The secret is really not a secret. It is well known by many congregational leaders. But, they do not accept it because they are looking for a magic act that brings quick vitality without deep commitment and persistent action.
Too many congregations are looking for a short-term fix rather than a long-term solution. They want a pastor who is a magician who can help them become something extraordinary without having to change their church in a way that moves it outside their comfortable zone. They want leadership that does not require them to alter their pattern of life, make sacrifices, or confront the fact that they prefer the comfort of their culture to the confrontation of living a prophetic lifestyle.
During a recent conference call as part of the FaithSoaring Churches Learning Community that I lead, I was reminded of the secret to congregational vitality that is clearly known by many Christian leaders, and clearly hidden to those who have not yet experienced it and believe it. It is simple, yet complex. It is easy, yet hard. It can start immediately, yet take years to become sustainable.
Early in my ministry I conducted research on 100 congregations in 15 cities across the United States. They were in areas of racial, ethnic, socioeconomic, lifestyle, and population diversity transition. As a collection of congregations, they were overwhelmingly plateaued and declining in active weekly attendance. Only 25 percent were growing.
These same congregations had been the subject of a previous study ten years earlier. My study was to measure the transitions and changes that occurred during the most recent ten years.
Here were some of the trends over the decade between the two studies. Around ten congregations had disbanded. Another ten had relocated. A final ten had merged with another congregation. Only seven out of every ten congregations still existed in the same place and situation. This was a lot of change in a short time.
As these congregations responded to the significant transitions and changes both within their fellowship and in their community context, it became important to understand what led some of them to experience vitality and even growth. What blocked other congregations from experiencing vitality and growth?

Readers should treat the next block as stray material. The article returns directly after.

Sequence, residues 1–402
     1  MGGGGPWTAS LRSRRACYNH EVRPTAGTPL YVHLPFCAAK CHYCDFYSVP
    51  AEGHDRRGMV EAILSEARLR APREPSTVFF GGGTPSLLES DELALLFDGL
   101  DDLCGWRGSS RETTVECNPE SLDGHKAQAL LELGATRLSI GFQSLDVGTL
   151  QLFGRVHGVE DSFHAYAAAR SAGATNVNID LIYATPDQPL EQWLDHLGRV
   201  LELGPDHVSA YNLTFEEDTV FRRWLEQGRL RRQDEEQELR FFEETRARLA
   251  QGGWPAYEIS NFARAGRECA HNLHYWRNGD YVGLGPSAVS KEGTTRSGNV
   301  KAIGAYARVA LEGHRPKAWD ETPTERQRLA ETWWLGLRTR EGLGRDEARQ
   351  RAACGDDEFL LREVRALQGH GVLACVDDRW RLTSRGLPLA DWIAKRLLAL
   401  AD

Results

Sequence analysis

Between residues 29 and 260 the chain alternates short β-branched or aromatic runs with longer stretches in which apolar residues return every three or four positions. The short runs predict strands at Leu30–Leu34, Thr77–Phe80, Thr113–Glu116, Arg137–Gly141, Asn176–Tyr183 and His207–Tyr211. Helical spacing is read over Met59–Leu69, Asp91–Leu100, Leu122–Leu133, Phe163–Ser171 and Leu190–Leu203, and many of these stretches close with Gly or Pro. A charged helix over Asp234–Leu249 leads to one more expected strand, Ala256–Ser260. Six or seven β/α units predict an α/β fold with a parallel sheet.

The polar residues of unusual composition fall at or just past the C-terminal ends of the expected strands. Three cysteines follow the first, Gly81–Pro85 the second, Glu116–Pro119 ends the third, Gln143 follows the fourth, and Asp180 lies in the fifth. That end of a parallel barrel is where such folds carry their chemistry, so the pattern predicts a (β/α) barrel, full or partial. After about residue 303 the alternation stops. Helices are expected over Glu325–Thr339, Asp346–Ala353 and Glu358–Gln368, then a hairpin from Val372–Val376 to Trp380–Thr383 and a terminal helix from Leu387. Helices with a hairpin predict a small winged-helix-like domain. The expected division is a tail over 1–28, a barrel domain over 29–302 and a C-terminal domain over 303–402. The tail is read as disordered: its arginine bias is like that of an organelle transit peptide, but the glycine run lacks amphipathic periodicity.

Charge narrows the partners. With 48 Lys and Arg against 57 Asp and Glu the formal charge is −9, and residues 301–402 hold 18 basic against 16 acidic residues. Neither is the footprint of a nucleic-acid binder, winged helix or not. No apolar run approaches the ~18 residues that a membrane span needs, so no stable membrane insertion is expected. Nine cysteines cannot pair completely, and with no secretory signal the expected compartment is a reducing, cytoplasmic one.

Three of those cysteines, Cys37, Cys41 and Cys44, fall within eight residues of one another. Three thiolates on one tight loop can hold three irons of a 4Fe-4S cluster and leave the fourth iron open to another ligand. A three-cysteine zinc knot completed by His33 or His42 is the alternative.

Is It Ministry Style?
The research first looked at the ministry style of these congregations. Were they focused on evangelism and church growth? Were they focused on deep missional connections with their community context? Was it about deepening the spiritual formation and leadership development components of the disciplemaking processes of the congregations? Was it a focus on social ministry, justice, and advocacy particularly in relationship to “the least of these”?
From one perspective the answer to each of these questions was “yes”. The real answer was that this typology did not lead us to the answer we were looking for. The secret was something else other than ministry style. It was a secret that transcends ministry style. Many ministry styles can fulfill this secret.
In the several decades since I conducted my research I have read other research results that have discovered the same secret. It has been a great affirmation to see these scientific research reports that came to the same or very similar conclusions about the secret to congregational vitality.
Here is the Secret
The secret can be summed up in just three words. Vision. Plus. Intentionality. Or, to put them together–Vision Plus Intentionality.
Congregations captivated by God’s spiritual and strategic direction which they understand and deeply own as God’s vision for their future, who then align everything they do to intentionally live into or fulfill that vision, experience the secret to congregational vitality.
Is that really the secret? Is that all it takes? Where do I sign up? It is that simple–Vision Plus Intentionality. Actually it is much more difficult to achieve than it is to say these words.
As difficult as it is to discern and be captivated by God’s vision, it is even more difficult to align everything congregations are doing to live into or fulfill that vision. Doing so involves stopping doing things that do not support that vision that may be deeply ingrained concrete within the culture of congregations. Thus, achieving congregational Vision Plus Intentionality is a significant challenge even when congregations know it is the secret to long-term vitality.
Next: Achieving Congregational Vision Plus Intentionality